More books and frogs

After reading ‘The Sorrow of War’ I needed a change of subject and picked up ‘The Shepherd’s Life’ by James Rebanks. It immediately transported me to the Lake District, just what I wanted, but found the author’s self righteous tone difficult to fathom. I then returned to Vietnam and Cambodia and enjoyed Tim Page’s book ‘Derailed in Uncle Ho’s Victory Garden’. It’s a first hand account of the horrors of war and, very movingly, the search for a lost comrade in Cambodia. I then read ‘The Gate’ by Francois Bizot about being both captured by the Khmer Rouge and the siege of the French Embassy in Phnom Penh. It’s an excellent account of this turbulent period of history.

Books always resonate and stay with me, coming back to fill unexpected moments that might otherwise have just passed by. I read sometime ago ‘The Wind-Up Bird Chronicle’ by Haruki Murakami which has a disturbing scene of a man being tortured and skinned alive. We recently stayed in the Mekong Delta town of Sa Dec where, as we wandered in the early evening through the riverside stalls, I watched in horror as a women skinned live frogs for sale on the floor of the market. A single frog, freshly skinned but determined to both live and escape was attempting to walk away from the pile of its now dead comrades. It had managed to get about a metre away without the women noticing, slowly lifting its white translucent legs across the blackness of the roadside tarmac.

Immediately the Murakami images and those of the market place collided, resonating and communicating the barbarity of what I was now witnessing. I stood still not knowing what to do or whether anyone else had noticed the plight of the escaping frog. The women continued to skin more frogs as I turned and finally moved away. The only answer I could take away from this moment was that I’d try to eat less meat and fish in the future and will become more of a vegetarian in my food choices.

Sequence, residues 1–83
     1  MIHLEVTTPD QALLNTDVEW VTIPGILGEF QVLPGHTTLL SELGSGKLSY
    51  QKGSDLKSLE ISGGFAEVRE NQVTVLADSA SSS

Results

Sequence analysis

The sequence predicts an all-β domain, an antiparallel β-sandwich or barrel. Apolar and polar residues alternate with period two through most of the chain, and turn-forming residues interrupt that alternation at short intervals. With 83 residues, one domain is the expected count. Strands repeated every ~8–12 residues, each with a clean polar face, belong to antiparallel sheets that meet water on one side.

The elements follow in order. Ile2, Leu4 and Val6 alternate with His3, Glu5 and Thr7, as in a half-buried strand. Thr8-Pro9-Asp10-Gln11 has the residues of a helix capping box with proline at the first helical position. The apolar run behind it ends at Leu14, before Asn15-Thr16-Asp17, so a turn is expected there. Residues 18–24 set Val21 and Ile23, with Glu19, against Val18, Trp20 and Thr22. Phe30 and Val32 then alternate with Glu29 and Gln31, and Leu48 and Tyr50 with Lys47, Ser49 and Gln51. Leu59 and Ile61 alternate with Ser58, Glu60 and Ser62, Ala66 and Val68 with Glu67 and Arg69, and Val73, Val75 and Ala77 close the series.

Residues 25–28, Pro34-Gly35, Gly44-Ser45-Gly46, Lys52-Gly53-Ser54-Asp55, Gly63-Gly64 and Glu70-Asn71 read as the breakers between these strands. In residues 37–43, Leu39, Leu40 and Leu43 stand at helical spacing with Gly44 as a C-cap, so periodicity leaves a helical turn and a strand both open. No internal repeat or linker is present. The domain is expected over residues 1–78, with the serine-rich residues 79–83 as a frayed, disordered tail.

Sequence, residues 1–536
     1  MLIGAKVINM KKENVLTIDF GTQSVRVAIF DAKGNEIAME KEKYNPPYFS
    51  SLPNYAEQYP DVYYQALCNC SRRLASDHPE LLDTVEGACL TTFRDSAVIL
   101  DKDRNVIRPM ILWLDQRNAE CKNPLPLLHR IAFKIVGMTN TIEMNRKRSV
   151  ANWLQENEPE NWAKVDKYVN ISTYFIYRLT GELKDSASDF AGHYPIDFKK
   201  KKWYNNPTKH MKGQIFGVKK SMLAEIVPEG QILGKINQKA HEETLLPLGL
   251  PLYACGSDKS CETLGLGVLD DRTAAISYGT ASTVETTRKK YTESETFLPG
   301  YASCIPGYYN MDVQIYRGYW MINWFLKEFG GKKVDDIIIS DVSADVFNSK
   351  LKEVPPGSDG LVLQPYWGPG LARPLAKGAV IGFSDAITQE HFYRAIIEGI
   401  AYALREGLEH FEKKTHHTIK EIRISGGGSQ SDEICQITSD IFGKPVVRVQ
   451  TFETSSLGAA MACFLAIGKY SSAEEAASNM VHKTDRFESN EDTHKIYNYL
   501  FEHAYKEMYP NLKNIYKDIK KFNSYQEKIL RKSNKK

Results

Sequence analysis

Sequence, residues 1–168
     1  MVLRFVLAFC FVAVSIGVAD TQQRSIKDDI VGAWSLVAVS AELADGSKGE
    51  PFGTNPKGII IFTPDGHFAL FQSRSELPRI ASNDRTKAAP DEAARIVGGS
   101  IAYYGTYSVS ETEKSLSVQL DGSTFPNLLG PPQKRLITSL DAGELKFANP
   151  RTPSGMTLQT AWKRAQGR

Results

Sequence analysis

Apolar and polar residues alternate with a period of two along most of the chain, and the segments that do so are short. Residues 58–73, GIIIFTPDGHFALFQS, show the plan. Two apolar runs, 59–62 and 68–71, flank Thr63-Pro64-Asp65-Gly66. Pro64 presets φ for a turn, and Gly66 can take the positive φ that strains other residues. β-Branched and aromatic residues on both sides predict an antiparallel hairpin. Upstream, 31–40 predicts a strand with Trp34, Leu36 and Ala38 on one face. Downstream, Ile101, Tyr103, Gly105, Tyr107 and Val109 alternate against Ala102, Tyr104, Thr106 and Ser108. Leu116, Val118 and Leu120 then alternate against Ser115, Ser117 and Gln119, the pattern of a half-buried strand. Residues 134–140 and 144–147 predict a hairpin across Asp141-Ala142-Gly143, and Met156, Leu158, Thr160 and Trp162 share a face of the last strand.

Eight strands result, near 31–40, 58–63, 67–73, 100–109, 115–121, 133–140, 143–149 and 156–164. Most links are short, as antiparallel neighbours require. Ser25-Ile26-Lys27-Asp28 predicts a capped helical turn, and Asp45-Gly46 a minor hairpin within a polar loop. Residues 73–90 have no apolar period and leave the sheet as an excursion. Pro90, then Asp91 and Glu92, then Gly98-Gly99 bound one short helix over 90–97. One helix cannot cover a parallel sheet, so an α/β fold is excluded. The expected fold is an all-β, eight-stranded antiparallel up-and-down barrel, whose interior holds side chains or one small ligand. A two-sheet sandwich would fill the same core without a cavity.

Final stats for SE Asia

We pedalled into Ho Chi Minh City yesterday and finally stopped riding. The contrast in 60km between the small towns of the Mekong Delta and the density and pollution of this city was remarkable. Cycling in the city’s traffic was frightening and we’d not want to repeat the experience again of negotiating the streams of scooters cascading in every direction about us. To try and ride into town safely we had to not hesitate, dither or slow down and always hold fast to our line of travel. Stuck in almost grid-locked traffic, surrounded with scooters and their exhausts, made us feel physically sick and noxious with the fumes. It was almost unbearable.

However, it feels momentous to have bicycled the length of Vietnam and around Cambodia. My bicycle shorts, that I’ve been wearing to ride for the last 6 months, have finally succumbed to the length of the journey. They are very worn and have started to tear everywhere. They’ve been fantastically comfortable and easy to wash and get dry as we’ve travelled. I’ve a spare replacement in KL which I’ll pickup as we head on to New Zealand in the New Year but I’m very sorry to see the old ones go. They’ve done every kilometre of the stats for SE Asia which are as follows:

  • Distance ridden – 4,472km
  • Days riding – 40.5
  • Average daily distance – 110km
  • Longest day – 150km Kampong Thom to Siem Reap
  • Punctures – 01 at Dong Xoai
  • Mechanicals – new saddle, broken mudguard fendor stay, jammed chain, sticky SPD pedal cleats, dodgy bottom bracket bearings, worn out bar tape and tyres. The last three items we’ll get fixed in KL or Auckland.
  • Other touring cyclists – 15. We recently met Bruce and Andrea from Portland, Oregon, who were overlanding from Hanoi to Bangkok on foldable bicycles.